What Mr. Haryo was describing, though he did not know it at the time, was a malfunction of MCAS, which automatically forces the plane’s nose down if data indicates that the jet is angled too sharply upward and might stall.
Nurcahyo Utomo, the head of the safety group’s air-accident subcommittee, said he first learned of the term MCAS from news reports.
“People immediately assumed this was a Lion Air problem, an issue with a terrible Indonesian airline,” said Gerry Soejatman, an Indonesian aviation analyst. “But when a brand-new plane crashes, you have to look at all the factors, including the possibility of a manufacturer problem or defect. And you have to look really carefully when that manufacturer isn’t providing all the answers.”
Days after Flight 610 crashed, Polana Pramesti, the head of Indonesia’s civil aviation authority, waited for visiting Boeing and F.A.A. officials to talk to her. As head of Indonesia’s version of the F.A.A., she wanted advice on whether to ground Max 8 jets in Indonesia. But the Americans, who did spend time with transportation safety committee officials, never came to her, she said.
The official in her office in charge of airworthiness and aircraft operation, Avirianto, who like many Indonesians goes by one name, fired off messages to the F.A.A. asking for an explanation of MCAS, which at the time was only vaguely understood, even by aviation experts, because Boeing had failed to put information about it in the plane’s manual.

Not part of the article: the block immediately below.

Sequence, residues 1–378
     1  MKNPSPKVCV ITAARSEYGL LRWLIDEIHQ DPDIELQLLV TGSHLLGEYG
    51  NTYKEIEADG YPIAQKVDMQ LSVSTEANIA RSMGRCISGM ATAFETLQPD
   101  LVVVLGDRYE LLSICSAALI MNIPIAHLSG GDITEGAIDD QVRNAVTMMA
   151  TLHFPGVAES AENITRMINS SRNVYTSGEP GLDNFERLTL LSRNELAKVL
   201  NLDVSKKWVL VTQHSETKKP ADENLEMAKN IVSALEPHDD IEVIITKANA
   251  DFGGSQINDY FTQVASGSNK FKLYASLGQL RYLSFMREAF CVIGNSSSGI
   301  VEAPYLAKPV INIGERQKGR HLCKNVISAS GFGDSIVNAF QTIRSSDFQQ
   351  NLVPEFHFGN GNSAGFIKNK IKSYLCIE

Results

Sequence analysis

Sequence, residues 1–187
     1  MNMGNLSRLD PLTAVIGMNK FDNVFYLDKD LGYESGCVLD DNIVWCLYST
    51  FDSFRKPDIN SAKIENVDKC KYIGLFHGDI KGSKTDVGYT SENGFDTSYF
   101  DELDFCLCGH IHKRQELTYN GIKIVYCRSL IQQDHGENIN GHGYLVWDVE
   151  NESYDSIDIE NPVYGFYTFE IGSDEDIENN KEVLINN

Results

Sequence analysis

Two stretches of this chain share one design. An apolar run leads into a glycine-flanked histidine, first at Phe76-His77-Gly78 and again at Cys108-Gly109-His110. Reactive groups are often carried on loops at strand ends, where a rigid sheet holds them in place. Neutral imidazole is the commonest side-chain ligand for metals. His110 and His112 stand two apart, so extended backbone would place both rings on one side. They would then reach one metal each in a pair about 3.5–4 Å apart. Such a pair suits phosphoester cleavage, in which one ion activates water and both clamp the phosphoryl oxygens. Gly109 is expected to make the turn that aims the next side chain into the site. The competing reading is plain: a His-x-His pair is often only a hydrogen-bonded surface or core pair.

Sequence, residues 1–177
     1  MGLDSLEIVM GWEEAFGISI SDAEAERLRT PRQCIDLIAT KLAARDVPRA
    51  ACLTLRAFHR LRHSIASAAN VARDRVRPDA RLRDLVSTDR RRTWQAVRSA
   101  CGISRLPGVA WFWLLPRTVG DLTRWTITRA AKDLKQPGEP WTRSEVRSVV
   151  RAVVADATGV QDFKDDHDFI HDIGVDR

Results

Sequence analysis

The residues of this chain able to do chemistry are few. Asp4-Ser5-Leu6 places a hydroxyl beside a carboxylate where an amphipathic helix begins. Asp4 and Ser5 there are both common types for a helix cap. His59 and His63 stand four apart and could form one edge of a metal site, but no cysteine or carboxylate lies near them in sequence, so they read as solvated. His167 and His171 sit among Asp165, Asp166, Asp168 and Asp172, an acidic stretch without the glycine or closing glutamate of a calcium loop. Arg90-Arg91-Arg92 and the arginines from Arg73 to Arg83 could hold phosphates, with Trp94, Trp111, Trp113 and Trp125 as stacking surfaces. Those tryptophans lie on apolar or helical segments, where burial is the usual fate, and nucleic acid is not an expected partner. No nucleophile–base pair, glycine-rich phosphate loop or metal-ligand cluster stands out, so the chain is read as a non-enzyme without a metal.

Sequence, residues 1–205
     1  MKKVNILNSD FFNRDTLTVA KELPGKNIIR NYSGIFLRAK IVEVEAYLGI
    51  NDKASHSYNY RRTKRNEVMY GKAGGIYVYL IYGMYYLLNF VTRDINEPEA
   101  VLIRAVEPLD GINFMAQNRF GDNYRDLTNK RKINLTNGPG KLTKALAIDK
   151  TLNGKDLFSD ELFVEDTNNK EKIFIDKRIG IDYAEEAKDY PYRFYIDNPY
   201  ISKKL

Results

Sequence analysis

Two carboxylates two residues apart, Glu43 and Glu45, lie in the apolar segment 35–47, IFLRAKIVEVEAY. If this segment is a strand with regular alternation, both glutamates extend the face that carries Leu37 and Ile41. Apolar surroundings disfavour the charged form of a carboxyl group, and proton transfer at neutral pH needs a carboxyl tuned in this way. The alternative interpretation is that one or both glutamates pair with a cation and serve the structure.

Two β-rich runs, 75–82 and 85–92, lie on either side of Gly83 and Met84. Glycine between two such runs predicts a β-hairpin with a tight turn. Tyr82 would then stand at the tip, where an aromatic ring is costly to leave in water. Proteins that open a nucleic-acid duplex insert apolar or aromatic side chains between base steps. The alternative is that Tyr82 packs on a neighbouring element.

Although he conducted four teleconferences with F.A.A. officials, Mr. Avirianto said he was never given a clear explanation of how MCAS worked or whether it was safe. “They kept saying they were still analyzing, evaluating,” he said. “We never received any guidance because there were never any clear answers for us.”
The F.A.A. disagrees, saying that it had briefed the Indonesians “on several of the advisories and airworthiness directives on the Boeing 737 Max accidents issued to civilian aviation authorities and operators globally.”
But Ms. Polana said, “I think they are protecting Boeing.”
“The F.A.A. was the one that certified the aircraft safe to fly,” she said. “And then they found, no, the aircraft is dangerous.”
Ms. Polana also sent a letter to Boeing in November, asking for guarantees about the Max. But Boeing was not forthcoming, either, she said. “Of course, we were worried,” Ms. Polana said. “We wanted reassurance that the Boeing 737 Max 8s in Indonesia are airworthy.”
Boeing and the F.A.A. have come under scrutiny since the Lion Air crash. The United States Department of Transportation is examining the F.A.A.’s certification of the Max model, amid revelations that Boeing employees may have facilitated that process.
Only after the Ethiopian Airlines crash, Ms. Polana said, did the F.A.A. and Boeing become more responsive. On March 22, she had her inaugural teleconference with F.A.A. officials — the first time Indonesian officials received a precise explanation of how MCAS worked and how Boeing was planning to fix it, they said.
For days before the Oct. 29 Lion Air crash, the airplane had experienced faulty data readings. But no one understood that these problems could force the plane into a sudden and bewildering plunge. The plane’s handbook had no clear fix, and Mr. Avirianto was alarmed to find that a new Max flight simulator in Singapore did not simulate MCAS.
In the days after the crash, American aviation officials visiting Jakarta cast aspersions on their Indonesian counterparts, even as they refused to speak on the record: Which was more reliable? An airplane manufacturer that was one of the most respected companies in the United States, or a low-cost carrier with a long history of shocking safety lapses operating in a country troubled by corruption and weak regulation?